Drug residues in used syringes in Switzerland: A comparative study

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EarlyView Article

  • Published: Nov 27, 2017
  • Author: Elodie Lefrançois, Marc Augsburger, Pierre Esseiva
  • Journal: Drug Testing and Analysis

Abstract

Harm reduction services, including needle‐exchange programmes, have been implemented in Switzerland for over 20 years. Their main aim is to lessen the negative social and/or physical consequences associated with illicit drug consumption and, therefore, improve prevention messages. To this end, knowledge of illicit drug consumption practices is necessary. Periodic self‐report surveys are the primary source of data for monitoring drug users’ behaviour. Analysis of residual content of used syringes can bring further and objective knowledge about consumed products through analytically confirmed data.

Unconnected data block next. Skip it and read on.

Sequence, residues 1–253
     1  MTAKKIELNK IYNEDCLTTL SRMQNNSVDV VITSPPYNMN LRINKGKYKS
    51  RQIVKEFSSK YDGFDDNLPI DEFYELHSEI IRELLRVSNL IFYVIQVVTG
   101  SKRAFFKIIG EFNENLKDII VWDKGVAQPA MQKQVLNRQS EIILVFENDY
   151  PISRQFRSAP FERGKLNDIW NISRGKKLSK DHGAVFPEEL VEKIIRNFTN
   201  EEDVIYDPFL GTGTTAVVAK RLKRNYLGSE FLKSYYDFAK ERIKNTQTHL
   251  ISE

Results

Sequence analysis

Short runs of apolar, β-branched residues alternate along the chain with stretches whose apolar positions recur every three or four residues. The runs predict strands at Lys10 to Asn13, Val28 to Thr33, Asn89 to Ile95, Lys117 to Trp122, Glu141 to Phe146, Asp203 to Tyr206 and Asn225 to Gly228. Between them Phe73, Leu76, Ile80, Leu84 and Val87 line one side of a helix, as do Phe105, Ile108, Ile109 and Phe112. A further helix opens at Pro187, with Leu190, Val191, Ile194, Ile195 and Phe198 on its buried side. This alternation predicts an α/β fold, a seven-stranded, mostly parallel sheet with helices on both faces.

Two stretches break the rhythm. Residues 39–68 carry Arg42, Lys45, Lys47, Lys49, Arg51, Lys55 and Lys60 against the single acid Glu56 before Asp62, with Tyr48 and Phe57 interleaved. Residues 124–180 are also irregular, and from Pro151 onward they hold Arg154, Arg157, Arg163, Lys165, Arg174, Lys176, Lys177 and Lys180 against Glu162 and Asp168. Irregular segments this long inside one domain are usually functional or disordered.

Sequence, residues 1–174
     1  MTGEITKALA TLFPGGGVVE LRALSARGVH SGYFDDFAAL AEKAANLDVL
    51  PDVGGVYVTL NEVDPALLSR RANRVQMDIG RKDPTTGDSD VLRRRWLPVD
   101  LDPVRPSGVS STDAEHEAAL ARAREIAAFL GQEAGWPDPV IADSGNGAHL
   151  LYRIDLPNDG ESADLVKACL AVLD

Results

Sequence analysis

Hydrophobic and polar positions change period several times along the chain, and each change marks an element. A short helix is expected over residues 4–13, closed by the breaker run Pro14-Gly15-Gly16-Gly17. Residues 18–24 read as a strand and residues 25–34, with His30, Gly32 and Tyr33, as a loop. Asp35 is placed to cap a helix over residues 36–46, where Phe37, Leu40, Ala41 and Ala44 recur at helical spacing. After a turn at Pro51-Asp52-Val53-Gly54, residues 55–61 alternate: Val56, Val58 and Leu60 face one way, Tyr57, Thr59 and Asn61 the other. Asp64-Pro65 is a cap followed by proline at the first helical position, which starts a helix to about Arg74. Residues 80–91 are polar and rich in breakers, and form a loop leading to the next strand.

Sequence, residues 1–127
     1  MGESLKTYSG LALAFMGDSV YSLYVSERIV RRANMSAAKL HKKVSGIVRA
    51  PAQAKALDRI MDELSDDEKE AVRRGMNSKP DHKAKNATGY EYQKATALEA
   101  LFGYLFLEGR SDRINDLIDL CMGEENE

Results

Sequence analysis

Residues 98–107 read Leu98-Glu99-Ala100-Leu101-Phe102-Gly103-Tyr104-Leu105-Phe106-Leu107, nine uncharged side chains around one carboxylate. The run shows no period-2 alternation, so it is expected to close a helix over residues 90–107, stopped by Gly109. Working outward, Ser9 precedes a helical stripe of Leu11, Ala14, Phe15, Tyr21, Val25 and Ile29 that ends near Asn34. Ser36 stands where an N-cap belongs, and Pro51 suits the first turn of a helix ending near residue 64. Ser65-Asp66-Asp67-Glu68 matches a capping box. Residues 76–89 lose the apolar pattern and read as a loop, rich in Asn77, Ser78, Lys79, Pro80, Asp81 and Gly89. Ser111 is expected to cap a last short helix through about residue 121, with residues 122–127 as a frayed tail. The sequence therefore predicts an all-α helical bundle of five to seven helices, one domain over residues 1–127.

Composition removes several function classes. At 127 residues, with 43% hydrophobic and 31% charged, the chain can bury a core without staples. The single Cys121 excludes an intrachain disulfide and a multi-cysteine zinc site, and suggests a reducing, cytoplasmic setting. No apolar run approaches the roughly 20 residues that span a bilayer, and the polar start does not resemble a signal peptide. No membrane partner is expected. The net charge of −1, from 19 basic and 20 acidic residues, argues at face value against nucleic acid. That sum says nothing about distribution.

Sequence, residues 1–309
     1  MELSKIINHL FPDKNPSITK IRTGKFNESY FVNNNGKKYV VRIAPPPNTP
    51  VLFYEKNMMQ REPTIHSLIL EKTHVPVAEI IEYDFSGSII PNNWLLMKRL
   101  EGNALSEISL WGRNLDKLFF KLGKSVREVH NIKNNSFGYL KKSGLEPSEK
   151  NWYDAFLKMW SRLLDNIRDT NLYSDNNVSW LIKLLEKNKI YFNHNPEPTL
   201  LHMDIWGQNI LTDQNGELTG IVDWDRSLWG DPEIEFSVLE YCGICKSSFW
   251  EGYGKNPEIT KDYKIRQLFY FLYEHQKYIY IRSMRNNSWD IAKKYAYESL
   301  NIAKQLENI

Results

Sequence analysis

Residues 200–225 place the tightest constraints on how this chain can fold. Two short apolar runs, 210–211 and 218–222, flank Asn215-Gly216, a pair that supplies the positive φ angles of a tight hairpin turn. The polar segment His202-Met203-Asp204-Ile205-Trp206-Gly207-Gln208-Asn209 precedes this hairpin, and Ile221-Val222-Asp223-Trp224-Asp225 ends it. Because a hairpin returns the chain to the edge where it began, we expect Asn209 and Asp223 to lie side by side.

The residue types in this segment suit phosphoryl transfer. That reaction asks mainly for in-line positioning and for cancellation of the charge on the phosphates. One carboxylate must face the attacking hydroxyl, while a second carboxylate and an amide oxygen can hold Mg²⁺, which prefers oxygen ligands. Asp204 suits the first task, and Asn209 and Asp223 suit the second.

Used syringes were sampled in 2 syringe‐exchange facilities in Lausanne. These structures are a bus where the users bring back their syringes (ABS) and an automatic injecting kit dispenser (AIKD). Once syringes were collected, a validated gas chromatography–mass spectrometry (GC–MS) method was implemented in order to detect drugs (licit or illicit) contained in the residual content of used syringes.

Cocaine was the most common drug detected alone (39% in ABS and 31% in AIKD), followed by the simultaneous detection of heroin and cocaine (12% and 17%) and heroin and midazolam (12% and 17%). The differences between the illicit drugs distribution of used syringes collected in AIKD and ABS were not statistically significant.

Analysis of residual content of used syringes as a monitoring tool is an original approach that has already led to a better understanding of the habits of drug‐injection users. Over the long term, this approach is a powerful tool to track and detect new consumption practices in a quasi‐real‐time.

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